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Farmer Ground Revives New York's Flour Power

By Kristie Snyder,
GreenLeaf Editor

wheat_Weizenfeld_Anfang_Juli_2009Eating locally is a noble goal, but any Ithacans baking bread with Farmer Ground Flour, grown and milled locally, may not realize how good they have it. Finding local flour is all but impossible in most of this country, and Canada, too. When a Vancouver couple decided to spend a year eating only food grown within 100 miles of their home, flour became their holy grail. Authors of the 2007 book, Plenty: Eating Locally on the 100 Mile Diet, Alisa Smith and J.B. MacKinnon spent eight months deprived of pasta, bread, crackers, pizza and all the other delights that ground wheat can provide. While a previous search yielded nothing but a tubful of weevil-infested wheat berries liberally sprinkled with mouse droppings (which was, reluctantly, discarded), they did finally locate a supply of wheat flour grown within 100 miles of Vancouver. A baking frenzy ensued.

“We were back in the familiar world of carbohydrate loading, and yet it was not the same. I had never imagined the difference fresh flour would make,” wrote MacKinnon. “Everything we made we ate simply, letting the flavor of the wheat stand alone. It tasted -— ancient. We would sit together to break the bread. A sacred act.”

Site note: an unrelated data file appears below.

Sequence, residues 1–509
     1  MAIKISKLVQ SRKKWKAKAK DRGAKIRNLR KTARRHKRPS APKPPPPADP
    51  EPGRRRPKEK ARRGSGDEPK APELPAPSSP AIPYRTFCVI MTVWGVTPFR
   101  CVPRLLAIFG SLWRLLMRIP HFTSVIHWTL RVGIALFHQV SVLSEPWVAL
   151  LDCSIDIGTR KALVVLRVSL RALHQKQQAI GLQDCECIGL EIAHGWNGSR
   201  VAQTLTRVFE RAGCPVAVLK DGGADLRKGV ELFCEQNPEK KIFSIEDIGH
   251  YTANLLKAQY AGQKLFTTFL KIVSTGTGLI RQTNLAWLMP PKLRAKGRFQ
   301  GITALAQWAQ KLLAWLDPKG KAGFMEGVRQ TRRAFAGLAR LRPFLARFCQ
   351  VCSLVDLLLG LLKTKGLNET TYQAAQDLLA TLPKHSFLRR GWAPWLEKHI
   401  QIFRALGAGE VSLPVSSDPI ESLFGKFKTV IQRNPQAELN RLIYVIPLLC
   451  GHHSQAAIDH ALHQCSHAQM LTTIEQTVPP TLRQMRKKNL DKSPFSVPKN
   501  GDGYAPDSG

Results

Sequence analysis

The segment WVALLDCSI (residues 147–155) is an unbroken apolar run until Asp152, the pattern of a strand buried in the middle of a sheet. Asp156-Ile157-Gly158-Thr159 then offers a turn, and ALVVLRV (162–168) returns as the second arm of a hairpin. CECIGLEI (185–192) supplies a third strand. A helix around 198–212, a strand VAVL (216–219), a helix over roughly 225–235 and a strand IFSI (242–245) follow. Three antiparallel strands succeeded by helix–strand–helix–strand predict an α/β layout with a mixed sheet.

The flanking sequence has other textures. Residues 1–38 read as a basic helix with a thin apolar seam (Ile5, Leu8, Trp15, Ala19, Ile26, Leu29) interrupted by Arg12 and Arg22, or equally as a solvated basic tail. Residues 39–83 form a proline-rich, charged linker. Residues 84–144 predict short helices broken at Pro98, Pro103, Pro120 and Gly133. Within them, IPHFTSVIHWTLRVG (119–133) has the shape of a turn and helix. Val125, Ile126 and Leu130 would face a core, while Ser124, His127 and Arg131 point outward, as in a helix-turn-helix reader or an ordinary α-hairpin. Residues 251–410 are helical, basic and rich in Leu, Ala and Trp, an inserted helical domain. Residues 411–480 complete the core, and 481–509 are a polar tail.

Read more: Farmer Ground Revives New York's Flour Power

 

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New in Bulk

Co-op Goodness in Every Cup

By Joe Damiano,
Bulk Department Manager

peruvian-natural-process-coffeePeruvian family farmers to you, try Coyona Peruvian Naturals coffee. It's an amazing Fair Trade product at an amazing price.

Don't miss a new coffee with a great, unique taste (and a nice price — $7.99/lb!) that's slated to have a limited run here at GreenStar. Coyona Peruvian Naturals comes directly from the small village of 500 that I visited with Equal Exchange last year. The location of this region of Peru, just on the edge of jungle and desert, means the beans can dry naturally within the juicy sweetness of the coffee cherry, in a quick and uniform manner. These beans (the ones the farmers usually keep for themselves!) offer a stronger, deeper flavor. Only a handful of U.S. coops get to partake of these beans, roasted by Equal Exchange in the French Roast style, which caramelizes the sweetness and brings out the fruity and deep earth flavors. This micro-lot buy (with no organic certification paperwork because of its size) has really helped the farmers of Coyona financially! This is just one more way that we, as a co-op, differ from a regular food store in our practices and impact.

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